We have a debt we owe that we cannot pay!  We are locked in a downward spiraling death dance that leads us to only one place!  There is only one cure for the disease, death!  After this comes the judgment.  This indictment is so complete and so well written that they used to teach it in law school.  There was a time in the past when a degree in theology was a prerequisite for law school.  The prevailing thought was that if you were not steeped in God's law, you lacked the wisdom to govern men.  Where does this leave us sinners?  Condemned by a perfect and holy God! The law has done its job!  But wait!  We have God's promise of deliverance by faith in Jesus Christ!  This faith brings new life!  This is the life that inspires a former slave trader to write "Amazing Grace."  This is the life that empowers mere flesh to write "It Is Well With My Soul," in the midst of a great personal tragedy.  This is the life that illuminated Martin Luther with the words, "The Just Shall live by Faith."  We today are no different.  We have a sin and death problem that has only one solution.  The solution has a name, Jesus Christ and "no one comes to the Father" but by Him!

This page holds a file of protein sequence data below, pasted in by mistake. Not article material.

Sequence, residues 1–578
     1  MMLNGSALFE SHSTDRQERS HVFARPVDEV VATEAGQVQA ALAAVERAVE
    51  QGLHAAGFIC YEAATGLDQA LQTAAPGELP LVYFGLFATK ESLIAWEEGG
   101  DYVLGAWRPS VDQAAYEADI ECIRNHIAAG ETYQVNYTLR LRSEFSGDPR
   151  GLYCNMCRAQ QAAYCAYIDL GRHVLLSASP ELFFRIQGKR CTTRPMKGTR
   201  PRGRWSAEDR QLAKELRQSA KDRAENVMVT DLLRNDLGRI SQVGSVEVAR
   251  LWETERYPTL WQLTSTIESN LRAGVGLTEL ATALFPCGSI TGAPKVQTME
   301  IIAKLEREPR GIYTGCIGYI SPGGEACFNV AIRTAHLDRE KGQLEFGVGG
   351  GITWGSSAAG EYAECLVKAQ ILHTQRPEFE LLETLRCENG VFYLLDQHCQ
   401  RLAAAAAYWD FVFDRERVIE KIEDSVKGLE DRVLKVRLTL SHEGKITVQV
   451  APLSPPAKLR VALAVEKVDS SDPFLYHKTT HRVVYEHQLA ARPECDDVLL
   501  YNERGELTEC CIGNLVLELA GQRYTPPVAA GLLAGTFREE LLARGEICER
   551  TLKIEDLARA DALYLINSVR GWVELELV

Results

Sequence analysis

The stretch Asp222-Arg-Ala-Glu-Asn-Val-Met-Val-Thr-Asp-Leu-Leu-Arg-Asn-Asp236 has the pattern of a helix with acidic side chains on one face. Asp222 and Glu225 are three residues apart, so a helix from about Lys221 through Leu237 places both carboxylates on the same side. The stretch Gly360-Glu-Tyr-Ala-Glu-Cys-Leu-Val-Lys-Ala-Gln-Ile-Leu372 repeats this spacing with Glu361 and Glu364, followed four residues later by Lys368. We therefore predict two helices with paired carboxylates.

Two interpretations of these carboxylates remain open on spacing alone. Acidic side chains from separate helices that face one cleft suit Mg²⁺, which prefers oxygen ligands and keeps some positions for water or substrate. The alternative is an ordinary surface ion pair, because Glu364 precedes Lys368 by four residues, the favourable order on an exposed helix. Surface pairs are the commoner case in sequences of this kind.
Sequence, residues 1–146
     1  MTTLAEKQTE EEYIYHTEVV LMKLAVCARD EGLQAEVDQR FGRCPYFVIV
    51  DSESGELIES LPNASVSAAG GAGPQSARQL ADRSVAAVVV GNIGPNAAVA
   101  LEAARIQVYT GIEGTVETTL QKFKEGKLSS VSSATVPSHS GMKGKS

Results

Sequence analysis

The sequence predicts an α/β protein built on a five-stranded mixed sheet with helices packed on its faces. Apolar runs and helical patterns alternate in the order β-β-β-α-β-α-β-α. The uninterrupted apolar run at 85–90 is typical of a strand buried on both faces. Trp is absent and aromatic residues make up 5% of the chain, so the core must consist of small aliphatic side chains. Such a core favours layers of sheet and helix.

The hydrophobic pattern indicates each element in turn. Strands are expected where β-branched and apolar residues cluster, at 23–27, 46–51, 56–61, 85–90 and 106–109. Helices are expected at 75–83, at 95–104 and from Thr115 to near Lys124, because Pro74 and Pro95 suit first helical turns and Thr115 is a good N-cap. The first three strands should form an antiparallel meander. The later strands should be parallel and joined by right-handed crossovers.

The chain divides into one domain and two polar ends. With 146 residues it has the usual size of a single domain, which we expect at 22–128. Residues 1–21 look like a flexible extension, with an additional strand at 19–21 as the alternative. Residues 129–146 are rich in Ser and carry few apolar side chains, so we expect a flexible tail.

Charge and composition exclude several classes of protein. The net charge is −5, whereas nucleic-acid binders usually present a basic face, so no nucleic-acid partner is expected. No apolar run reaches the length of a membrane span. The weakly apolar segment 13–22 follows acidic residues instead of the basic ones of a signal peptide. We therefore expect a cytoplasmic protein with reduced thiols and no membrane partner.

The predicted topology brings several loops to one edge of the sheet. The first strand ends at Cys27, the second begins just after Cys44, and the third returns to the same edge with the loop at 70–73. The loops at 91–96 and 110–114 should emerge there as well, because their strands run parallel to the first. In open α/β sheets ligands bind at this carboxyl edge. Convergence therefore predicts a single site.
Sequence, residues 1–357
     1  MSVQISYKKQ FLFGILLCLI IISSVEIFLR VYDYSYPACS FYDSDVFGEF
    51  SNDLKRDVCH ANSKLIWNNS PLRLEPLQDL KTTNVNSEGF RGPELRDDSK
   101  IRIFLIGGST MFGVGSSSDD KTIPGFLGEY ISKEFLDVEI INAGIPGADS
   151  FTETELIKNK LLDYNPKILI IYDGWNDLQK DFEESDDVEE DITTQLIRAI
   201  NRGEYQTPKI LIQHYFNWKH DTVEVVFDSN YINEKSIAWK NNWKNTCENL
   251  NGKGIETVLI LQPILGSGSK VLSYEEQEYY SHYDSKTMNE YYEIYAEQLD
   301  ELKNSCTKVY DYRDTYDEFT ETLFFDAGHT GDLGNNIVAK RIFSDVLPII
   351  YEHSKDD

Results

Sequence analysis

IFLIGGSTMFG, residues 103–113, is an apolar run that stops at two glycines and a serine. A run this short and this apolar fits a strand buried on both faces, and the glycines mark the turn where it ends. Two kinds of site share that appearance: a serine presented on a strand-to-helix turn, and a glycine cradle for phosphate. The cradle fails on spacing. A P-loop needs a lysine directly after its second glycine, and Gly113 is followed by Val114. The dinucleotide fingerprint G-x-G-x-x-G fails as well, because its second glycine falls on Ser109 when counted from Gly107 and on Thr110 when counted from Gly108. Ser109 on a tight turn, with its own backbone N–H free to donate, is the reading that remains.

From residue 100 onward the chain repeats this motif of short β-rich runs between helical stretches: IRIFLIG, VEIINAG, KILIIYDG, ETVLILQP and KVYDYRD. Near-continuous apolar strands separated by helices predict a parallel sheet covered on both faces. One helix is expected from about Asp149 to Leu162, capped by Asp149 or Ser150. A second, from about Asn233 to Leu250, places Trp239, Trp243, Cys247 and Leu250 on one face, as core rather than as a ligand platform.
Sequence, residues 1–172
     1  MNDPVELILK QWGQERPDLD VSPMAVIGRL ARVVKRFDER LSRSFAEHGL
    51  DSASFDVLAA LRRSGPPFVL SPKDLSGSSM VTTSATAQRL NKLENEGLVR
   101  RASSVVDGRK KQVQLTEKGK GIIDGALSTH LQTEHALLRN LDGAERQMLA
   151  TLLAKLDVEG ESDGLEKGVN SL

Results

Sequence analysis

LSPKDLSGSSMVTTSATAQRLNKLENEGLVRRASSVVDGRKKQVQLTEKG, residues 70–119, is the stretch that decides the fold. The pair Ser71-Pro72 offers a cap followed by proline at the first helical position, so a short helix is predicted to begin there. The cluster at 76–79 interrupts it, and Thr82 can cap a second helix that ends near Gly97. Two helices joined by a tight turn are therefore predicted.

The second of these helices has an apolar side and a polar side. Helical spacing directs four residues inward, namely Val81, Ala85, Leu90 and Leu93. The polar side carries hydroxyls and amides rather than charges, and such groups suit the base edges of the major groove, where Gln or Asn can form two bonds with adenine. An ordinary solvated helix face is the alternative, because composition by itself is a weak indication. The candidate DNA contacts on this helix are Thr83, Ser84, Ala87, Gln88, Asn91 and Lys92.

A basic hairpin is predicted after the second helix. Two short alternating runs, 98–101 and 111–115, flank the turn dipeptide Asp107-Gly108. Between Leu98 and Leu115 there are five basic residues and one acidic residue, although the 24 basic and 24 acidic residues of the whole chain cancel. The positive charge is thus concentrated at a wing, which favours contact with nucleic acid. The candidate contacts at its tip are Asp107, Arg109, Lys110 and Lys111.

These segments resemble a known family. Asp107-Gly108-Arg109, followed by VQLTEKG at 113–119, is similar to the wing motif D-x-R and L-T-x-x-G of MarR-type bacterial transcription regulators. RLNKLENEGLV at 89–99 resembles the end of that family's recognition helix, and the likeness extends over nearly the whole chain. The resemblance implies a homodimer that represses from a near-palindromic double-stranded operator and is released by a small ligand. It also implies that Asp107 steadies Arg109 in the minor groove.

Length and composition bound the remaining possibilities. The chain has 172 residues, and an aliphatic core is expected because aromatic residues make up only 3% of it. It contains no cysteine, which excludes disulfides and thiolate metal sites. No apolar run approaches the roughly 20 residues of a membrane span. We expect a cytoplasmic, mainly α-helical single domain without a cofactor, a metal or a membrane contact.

"It is in vain to seek for justification by the works of the law. All must plead guilty. Guilty before God, is a dreadful word; but no man can be justified by a law which condemns him for breaking it. The corruption in our nature, will for ever stop any justification by our own works."  (Matthew Henry Concise Commentary)